Duality is an enduring human condition, one that is completely ingrained with much of our belief system, especially the Holy Bible. I do admit, I'm not wholly familiar with the book, but there is one story that has particularly stuck with me, and that is the role between good and evil, of God and his angel, Lucifer. Lucifer was struck down to Hell because he went against God, against authority, and by all accounts, good. In a way, I have always seen this as a larger theme, where good is associated with an adherence to authority, of obedience to law, where evil is often associated with everything that is the opposite - of stepping out of the lines, to question. I don't necessarily believe that there is any sort of natural right and wrong in nature, but I see these two elements - obedience vs. disobedience, predetermination vs. free will, black and white vs. shades of grey, as a permanent quandary that cannot, and will not ever be decided by any number of philosophers. As the Joker proves, one cannot exist without the other. As I learned in an ethics class in high school, one cannot know good without knowledge of evil.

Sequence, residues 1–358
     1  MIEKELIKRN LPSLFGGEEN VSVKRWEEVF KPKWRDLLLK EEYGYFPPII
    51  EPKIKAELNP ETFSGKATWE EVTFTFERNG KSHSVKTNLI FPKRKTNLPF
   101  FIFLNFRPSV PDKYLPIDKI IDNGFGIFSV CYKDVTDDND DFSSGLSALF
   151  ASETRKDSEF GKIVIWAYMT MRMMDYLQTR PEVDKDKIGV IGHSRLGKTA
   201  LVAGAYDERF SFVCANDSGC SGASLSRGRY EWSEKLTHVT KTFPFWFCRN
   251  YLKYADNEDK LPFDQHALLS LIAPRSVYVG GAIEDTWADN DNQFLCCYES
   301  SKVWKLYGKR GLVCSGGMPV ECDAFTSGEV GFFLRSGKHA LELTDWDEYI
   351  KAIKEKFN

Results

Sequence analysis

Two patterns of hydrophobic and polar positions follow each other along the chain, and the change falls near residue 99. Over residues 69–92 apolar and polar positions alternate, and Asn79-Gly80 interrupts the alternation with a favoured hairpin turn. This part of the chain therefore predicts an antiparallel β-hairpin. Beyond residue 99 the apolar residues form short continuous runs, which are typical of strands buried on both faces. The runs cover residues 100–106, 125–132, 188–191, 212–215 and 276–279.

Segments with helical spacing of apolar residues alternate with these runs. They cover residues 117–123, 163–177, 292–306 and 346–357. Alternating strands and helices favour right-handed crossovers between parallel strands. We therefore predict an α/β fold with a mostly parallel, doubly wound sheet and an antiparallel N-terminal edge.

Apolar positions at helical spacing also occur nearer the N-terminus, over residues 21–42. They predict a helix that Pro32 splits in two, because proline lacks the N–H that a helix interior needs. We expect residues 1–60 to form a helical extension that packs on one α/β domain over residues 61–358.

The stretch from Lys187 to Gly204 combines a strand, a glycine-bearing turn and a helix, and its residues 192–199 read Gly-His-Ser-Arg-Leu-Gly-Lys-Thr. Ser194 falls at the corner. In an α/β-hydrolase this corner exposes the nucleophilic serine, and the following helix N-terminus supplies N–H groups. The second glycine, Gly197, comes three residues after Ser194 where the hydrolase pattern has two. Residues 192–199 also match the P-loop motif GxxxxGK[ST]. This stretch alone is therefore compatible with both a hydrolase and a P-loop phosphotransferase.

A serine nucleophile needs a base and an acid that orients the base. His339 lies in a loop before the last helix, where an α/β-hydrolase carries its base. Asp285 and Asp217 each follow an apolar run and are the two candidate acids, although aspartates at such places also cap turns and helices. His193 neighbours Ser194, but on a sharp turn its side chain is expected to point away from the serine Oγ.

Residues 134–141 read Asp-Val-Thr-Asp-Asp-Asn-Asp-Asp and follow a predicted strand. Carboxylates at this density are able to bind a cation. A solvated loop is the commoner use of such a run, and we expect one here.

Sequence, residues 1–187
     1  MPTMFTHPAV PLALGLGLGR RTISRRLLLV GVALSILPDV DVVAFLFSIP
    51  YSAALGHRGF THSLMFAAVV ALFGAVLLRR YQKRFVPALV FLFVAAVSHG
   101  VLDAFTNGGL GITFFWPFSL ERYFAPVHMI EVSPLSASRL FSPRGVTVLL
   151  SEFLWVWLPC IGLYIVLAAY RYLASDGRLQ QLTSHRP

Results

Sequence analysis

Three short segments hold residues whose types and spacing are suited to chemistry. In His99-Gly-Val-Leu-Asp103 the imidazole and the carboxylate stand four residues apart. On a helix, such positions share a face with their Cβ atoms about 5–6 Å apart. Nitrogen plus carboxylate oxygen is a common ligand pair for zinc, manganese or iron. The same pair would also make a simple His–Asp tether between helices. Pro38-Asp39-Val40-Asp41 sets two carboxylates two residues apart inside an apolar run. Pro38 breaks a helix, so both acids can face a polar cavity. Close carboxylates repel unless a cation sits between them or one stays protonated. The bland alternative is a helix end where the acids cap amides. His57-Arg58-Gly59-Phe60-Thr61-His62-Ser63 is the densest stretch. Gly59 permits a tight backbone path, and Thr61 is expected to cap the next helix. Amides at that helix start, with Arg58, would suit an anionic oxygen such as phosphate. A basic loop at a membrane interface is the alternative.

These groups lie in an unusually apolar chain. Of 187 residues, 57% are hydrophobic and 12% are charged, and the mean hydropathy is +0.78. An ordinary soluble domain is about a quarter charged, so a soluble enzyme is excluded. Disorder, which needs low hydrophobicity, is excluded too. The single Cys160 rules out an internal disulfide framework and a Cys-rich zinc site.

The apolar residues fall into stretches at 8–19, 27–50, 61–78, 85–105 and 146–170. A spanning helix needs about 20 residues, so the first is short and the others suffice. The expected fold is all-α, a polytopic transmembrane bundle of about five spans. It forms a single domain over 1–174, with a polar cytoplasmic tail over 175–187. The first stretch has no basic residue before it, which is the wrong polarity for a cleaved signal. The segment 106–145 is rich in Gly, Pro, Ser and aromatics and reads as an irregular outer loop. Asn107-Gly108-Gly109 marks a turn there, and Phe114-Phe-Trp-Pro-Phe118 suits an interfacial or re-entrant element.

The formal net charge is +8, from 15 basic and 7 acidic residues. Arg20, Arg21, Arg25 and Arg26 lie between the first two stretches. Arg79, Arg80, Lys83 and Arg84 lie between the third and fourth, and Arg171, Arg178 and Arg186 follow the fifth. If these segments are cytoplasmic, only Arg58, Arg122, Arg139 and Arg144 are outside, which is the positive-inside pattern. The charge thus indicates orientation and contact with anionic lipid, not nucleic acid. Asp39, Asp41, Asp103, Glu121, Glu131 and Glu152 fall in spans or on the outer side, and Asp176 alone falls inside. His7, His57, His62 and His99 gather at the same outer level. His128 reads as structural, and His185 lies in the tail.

This is a strong theme throughout the history of science fiction, from Isaac Asimov's Foundation trilogy to Michael J. Straczynski's Babylon 5, both stories that contained this as a dominant part of its mythos. Within Foundation, there was the effort to save society, where the Mule sought to undermine all that. MJS's Babylon 5 looked to the duel nature between the Shadows and the Vorlons as the same arguments between good and bad, dark and light, order vs. chaos, as the two extremes of reality. But these are extremes to each side of the coin, as society is eager to jump to, it would seem. One of my favorite television shows, Life On Mars, demonstrates much of the same storytelling qualities, with Gene Hunt and Sam Tyler being much the polar opposites of one another, which is why their partnership works so well for the story. (The UK version, at least. The US version employed this to a far more limited extent.)